Congress Does More than Meets the Eye

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Thursday, July 27, 2000
Numerous observers of the current Congress predict that it will be remembered mostly for its long list of unfinished business. "Politics over progress" is how one analyst describes the Washington scene this election year. 

Make a joke about politicians bickering in Washington and a "do-nothing Congress", and audiences will always chuckle and nod in agreement. This response is as old as the Republic, but lately it seems that Americans' historic skepticism toward Congress is evolving into something more sinister - an attitude of cynicism. 

It is true that sometimes Congress doesn't have a stunning record of accomplishment. It usually has a long list of unfinished business. Members themselves are acutely aware of this. Many times throughout the year - during weekends at home or holiday recesses - they appear before constituents and are asked simply: "What have you people in Congress accomplished?" Even leadership-supplied lists of talking-points may not give Members much help in coming up with anything close to a convincing response. 

So, I think it's important to point out two things about Congress. First, it is capable of passing legislation with sweeping impact on the lives of Americans. And second, even when Congress is not producing blockbuster bills, Members are typically working on scores of other, less-publicized matters that sustain and improve the quality of life here and abroad. 

It's remarkable how quickly we forget that Congress has been involved in some big things in recent years. Erasing the federal deficit. Overhauling the welfare and public housing systems. Rewriting telecommunications laws. Increasing the minimum wage. Liberalizing trade laws. Approving billions to improve roads and bridges. You may not like what Congress did on all of these issues, but after debating policy options and gauging public sentiment, it acted.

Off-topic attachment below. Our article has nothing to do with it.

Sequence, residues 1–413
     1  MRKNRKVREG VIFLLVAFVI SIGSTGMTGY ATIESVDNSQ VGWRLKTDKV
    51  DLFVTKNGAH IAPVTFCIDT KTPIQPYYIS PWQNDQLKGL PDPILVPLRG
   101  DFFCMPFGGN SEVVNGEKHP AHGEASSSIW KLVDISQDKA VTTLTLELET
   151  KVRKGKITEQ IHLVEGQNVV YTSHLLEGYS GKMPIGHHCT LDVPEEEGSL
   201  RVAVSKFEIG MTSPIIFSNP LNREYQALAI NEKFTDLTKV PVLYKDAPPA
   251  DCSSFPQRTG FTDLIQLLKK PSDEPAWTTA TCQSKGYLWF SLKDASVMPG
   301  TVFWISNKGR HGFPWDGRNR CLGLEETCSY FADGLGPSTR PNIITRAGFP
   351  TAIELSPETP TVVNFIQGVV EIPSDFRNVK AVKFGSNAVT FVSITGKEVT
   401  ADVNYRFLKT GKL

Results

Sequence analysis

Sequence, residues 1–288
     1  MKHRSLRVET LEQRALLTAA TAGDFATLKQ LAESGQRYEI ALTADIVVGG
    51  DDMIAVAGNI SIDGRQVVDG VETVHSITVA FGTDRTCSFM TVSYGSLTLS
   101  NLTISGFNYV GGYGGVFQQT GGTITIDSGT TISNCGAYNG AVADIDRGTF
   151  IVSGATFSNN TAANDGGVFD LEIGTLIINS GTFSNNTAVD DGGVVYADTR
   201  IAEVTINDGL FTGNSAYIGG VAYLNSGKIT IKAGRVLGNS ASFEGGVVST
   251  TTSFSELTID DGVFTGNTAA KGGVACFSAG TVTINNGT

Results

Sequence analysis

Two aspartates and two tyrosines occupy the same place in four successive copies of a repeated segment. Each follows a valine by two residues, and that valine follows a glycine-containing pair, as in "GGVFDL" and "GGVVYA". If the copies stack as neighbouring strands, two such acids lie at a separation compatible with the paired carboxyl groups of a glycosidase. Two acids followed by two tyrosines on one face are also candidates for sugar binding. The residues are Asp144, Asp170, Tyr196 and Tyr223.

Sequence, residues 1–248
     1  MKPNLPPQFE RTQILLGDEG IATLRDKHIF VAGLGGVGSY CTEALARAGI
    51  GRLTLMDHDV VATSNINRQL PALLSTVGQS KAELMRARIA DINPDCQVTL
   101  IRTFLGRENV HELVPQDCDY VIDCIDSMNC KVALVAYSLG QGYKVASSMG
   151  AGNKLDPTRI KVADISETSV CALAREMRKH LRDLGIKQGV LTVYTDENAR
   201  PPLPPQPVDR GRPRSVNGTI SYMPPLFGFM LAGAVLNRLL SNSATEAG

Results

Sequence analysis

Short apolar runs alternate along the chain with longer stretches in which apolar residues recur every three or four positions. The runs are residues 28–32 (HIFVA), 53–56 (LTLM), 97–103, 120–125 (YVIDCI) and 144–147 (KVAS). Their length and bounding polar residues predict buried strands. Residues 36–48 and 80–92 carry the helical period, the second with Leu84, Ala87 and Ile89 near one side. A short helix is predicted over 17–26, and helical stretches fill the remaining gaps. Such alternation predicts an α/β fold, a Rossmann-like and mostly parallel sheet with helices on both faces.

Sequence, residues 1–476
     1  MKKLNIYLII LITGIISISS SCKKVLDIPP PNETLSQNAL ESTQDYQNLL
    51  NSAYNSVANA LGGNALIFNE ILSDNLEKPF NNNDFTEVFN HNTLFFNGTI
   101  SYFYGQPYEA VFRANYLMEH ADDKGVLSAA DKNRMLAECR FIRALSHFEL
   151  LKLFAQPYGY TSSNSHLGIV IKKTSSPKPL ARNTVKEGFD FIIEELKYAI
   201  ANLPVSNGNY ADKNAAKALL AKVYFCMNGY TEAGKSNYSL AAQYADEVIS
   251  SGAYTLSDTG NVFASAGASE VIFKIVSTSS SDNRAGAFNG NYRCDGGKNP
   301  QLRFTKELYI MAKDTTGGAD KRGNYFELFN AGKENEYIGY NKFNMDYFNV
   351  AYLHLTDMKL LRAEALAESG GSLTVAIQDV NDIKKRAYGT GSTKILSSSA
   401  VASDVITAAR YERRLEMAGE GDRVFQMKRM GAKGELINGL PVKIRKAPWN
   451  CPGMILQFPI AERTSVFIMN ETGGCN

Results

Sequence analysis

If the current Congress passes few landmark bills, is it fair to say that Members have failed to earn their pay? No. Some of their work involves laying the groundwork for future action on very complex matters that may take more than one Congress to resolve. The Clean Air Act and Immigration Reform Act, for instance, took multiple Congresses to complete due to their inherent complexity. 

Other times Congress is grappling with issues on which the parties strongly disagree, and achieving compromise is very difficult. Voters in recent years have stacked the deck against decisive legislative action by choosing a Congress led by one party and a White House occupied by the other. Congress' critics say "politics" is to blame for the deadlock, but look at it another way: Parties in a divided government are laying out their arguments on issues to voters, asking them to deliver a verdict at the polls in November that will help resolve the impasse. That's democracy in action. This process may be slow and frustrating, but democracy is like that sometimes - actually, much of the time. It's a tough job trying to make public policy for our diverse nation, especially in the absence of clear and decisive signals from the voters. 

Reporters tend to make premature judgements midstream and they cover the high-profile issues that provoke conflict in Congress. Less attention is given to the vital work that Congress does in other matters, most notably the annual appropriations process, which funds the wide range of federal functions that touch the lives of every American. This task is not glamorous, and sometimes it takes the pressure of an end-of-session deadline to spur compromise. But ultimately, compromise comes. Most Members, after all, recognize they are legislators and their responsibility is to produce. Even when a Congress doesn't earn a big place in the history books, more is going on in the Congress than is often recognized. 

(Lee Hamilton is Director of the Center on Congress at Indiana University. He was a member of the U.S. House of Representatives for 34 years.)